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An Overview of Kitchen Cabinet Refacing

by Greg Keefer

Many creative homeowners tackle kitchen cabinet refacing projects with the goal of home improvement in mind. Veneering is a great way to produce a unique and interesting pattern or gain the appearance of hardwood on relatively inexpensive cabinets. But, using sheets of wood veneer can be a touch-and-go process, since the veneer ranges from 1/64 to 1/32 inches in thickness.

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You'll need:

  • A marking gauge
  • Utility knife or scissors
  • Toothed plane
  • Veneer hammer
  • Clamps
  • Veneer saw

Have white carpenter's glue on hand that requires a 24-hour period to dry. The glue won't stain, is easily cleaned up, allows for last minute adjustments, and virtually disappears once it's dried.

In a nutshell, here's what you need to know about do-it-yourself veneering projects.

  • Sand the cabinet: Use an orbital sander to eliminate raised areas and knots. You need a perfectly even surface for proper bonding with the veneer.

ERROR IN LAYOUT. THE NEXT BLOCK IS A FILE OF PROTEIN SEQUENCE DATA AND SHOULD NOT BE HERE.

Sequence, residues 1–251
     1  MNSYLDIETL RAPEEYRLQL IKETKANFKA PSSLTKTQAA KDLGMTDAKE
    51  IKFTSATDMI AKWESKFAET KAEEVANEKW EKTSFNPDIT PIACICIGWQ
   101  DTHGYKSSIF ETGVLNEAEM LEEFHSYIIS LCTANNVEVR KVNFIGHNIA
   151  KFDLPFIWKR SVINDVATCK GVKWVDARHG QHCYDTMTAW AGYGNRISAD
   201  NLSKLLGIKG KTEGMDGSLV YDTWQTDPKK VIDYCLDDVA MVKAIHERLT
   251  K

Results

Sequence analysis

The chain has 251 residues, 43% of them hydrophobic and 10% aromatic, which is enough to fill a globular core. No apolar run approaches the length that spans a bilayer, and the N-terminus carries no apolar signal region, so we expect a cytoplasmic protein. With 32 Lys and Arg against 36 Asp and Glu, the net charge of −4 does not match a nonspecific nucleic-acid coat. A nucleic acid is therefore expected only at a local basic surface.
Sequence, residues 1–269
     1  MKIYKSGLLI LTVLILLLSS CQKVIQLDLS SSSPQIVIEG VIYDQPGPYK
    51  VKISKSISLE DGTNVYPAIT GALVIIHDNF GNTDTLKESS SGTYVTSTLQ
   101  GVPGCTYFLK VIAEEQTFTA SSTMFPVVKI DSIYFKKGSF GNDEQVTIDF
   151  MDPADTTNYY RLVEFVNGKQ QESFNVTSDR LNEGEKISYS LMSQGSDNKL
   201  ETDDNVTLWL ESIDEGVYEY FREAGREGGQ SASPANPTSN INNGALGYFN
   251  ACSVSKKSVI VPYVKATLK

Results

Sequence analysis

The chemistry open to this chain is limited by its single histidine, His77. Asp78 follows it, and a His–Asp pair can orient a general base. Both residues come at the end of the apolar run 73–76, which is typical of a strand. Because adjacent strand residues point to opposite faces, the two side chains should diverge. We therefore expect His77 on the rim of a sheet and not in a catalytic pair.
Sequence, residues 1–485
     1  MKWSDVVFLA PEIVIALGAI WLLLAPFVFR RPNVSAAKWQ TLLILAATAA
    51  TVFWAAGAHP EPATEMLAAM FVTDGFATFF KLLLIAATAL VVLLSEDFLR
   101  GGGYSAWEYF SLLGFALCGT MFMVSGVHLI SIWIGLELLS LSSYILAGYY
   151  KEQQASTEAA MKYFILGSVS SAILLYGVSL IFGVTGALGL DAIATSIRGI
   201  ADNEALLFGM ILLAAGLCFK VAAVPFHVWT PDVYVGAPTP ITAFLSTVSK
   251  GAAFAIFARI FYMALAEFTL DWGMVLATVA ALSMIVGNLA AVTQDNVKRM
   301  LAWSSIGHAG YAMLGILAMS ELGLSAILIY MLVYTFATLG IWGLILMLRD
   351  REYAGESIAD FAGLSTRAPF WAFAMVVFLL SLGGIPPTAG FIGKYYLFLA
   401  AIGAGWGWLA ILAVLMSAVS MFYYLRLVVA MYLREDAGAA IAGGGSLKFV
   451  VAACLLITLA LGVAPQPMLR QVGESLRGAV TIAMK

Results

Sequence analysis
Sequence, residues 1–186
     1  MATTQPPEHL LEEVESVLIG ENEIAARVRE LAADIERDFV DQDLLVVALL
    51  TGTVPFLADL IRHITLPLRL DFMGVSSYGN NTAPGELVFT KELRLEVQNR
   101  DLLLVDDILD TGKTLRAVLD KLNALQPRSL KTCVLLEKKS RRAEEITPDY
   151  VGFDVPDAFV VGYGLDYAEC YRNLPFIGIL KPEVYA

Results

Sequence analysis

• Plane the surfaces: A toothed plane creates tiny grooves in the wood to facilitate excellent bonding.
  • Cut the veneer to size: Create designs, angles, and patterns, or simply apply a large sheet to the cabinet door, frame, or other section.
  • Apply the glue: Make sure you spread the glue to the edges, as well as throughout the center of the veneer.
  • Lay the veneer, and clamp it: For a tight bond, press the veneer tight with clamps and pieces of wood larger than the section of veneer you're working. Use the veneer hammer to move the excess glue in a zigzag motion.
  • Apply a protective finish. Veneer is fragile. Lightly rub the veneer with fine grit steel woo,l and, then, apply shellac or furniture wax as directed on the container.

Veneer is a beautiful way to spruce up old cabinets, enrich inexpensive cabinets, or create eye-pleasing designs on cabinet surfaces. You'll need quite a bit of patience. but the results are worth it.



About the Author

Greg Keefer has been a do-it-yourselfer with lots of experience in how to do things right and how to do them wrong. He enjoys sharing his experience with the hope of helping others to

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